Working as a freelance technical writer is a great career move for people looking for legitimate work at home jobs.
If you have experience in a technical topic and are good at making this understandable to less technical people then this could be worth considering.
As a technical writer you will probably consult with people working with software, computer systems, engineering, architecture or science.
Much of the technical writing you will do will be intended for an online audience and there are a few tools you can use to make the work you present to clients stand out.
You will make a great impression on your clients if you can write keyword optimized web copy that will help potential customers to find their sites.
Some great keyword research tools for the freelance technical writer include the SEO Book Keyword Suggestion Tool, Keyword Discovery, SEM Rush, the Google Adwords Keyword Tool and the free Wordtracker tool.
All of these work in much the same way. You type in a keyword that interests you and can see at a glance how much advertiser or search demand there is for that keyword and what related keywords exist.
This helps you use those keywords in the copy you write for your clients and could help them achieve a higher search engine ranking. Don't stuff your copy with keywords though, as search engines will penalize the site.
Use tools such as Live Keyword Analysis or Textalyser to keep your keyword count at below 2 per cent of the total word count.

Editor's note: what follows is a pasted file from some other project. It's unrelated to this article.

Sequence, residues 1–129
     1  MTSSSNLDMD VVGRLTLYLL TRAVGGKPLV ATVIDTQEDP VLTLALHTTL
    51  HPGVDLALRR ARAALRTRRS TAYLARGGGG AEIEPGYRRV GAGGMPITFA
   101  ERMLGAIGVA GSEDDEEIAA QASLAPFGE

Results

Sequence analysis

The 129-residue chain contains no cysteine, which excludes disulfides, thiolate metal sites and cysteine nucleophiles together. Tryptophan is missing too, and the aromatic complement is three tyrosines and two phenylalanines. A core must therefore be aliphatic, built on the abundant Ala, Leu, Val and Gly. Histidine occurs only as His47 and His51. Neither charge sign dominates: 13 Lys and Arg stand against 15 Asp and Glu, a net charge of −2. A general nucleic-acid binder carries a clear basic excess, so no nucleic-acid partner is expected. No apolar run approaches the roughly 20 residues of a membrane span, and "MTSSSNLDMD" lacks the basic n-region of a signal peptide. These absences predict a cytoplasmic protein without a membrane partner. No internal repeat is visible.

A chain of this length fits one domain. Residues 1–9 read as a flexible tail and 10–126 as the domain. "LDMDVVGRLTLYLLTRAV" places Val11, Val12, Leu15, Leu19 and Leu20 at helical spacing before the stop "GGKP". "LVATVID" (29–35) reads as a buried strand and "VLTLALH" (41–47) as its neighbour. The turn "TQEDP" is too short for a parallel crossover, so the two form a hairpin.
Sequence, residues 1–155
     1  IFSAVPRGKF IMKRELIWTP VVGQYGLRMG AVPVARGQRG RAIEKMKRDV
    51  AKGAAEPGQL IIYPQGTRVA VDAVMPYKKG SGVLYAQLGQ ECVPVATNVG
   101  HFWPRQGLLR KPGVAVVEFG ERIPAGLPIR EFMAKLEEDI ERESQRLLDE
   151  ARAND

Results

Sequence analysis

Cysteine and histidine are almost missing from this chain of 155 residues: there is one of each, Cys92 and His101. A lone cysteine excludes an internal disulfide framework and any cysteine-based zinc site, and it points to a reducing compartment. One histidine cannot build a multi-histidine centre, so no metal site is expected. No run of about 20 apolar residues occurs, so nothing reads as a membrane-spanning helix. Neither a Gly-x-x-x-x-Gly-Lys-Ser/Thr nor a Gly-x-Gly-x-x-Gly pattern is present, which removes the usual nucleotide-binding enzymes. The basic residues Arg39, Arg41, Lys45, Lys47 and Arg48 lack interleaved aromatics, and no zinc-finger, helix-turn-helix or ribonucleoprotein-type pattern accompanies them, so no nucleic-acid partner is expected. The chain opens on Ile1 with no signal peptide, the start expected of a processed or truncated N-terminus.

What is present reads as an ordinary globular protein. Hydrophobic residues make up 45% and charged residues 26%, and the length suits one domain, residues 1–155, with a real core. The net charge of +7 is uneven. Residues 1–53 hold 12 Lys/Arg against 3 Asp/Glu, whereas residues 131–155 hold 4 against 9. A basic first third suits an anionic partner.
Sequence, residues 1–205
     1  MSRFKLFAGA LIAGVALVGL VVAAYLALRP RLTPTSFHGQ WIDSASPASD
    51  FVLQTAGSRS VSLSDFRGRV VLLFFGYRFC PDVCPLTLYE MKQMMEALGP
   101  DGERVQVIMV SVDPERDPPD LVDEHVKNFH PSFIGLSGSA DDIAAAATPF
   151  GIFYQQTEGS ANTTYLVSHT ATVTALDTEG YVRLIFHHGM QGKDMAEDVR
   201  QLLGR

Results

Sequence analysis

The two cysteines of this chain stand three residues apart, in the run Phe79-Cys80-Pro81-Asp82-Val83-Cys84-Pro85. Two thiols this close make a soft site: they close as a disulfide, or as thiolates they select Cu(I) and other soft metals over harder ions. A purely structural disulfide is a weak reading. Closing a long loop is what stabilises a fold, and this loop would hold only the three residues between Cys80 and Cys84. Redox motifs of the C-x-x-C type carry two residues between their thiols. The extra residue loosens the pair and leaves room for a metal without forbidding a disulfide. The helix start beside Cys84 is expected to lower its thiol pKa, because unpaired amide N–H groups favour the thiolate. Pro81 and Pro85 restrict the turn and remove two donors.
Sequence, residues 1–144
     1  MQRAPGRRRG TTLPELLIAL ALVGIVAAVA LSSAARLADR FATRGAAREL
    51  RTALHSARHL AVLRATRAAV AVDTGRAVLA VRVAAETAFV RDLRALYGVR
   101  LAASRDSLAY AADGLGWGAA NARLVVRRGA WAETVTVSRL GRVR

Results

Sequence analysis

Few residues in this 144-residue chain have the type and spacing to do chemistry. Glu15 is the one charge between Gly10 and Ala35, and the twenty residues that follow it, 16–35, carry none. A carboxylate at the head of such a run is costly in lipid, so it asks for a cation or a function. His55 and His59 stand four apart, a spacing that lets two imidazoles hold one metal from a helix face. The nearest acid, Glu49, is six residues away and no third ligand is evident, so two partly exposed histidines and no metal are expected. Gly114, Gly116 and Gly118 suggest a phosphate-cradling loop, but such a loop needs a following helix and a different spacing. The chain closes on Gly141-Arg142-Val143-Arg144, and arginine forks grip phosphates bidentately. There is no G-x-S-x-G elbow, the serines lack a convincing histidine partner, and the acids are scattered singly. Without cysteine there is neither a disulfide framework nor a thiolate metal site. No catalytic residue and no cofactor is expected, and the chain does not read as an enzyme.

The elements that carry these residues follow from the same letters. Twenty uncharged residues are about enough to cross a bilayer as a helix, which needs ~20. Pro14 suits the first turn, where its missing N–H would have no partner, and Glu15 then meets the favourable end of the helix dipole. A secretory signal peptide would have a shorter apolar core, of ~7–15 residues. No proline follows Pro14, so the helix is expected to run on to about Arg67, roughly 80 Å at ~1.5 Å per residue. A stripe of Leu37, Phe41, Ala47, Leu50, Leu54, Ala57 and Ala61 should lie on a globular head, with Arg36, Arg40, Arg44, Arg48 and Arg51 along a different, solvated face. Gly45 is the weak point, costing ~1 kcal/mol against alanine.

Note: There are premium (paid) versions of many of these keyword tools. However, the Site Build It! hosting and marketing package includes excellent keyword research tools called "Brainstorm It! Some of the research is drawn from Wordtracker. For more information about the tools and resources included in SBI!, check out Compare SiteSell.
Technical writers can also score brownie points with clients by finding low-cost or free images that they can use to illustrate their content.
There are several resources you can use or highlight to your clients. iStockphoto has an extensive, searchable database of photos for use. There's a charge for each, but it's quite affordable, especially for small images for web use.
Other sites to consider include Compfight (a Flickr search engine where you can specify Creative Commons images), Morguefile (where most photos can be used free of charge and without attribution), FreePixels (which has great background images but a smaller range than other sites) and Stock.xchang (another stock photography site). These are useful resources for the freelance technical writer.
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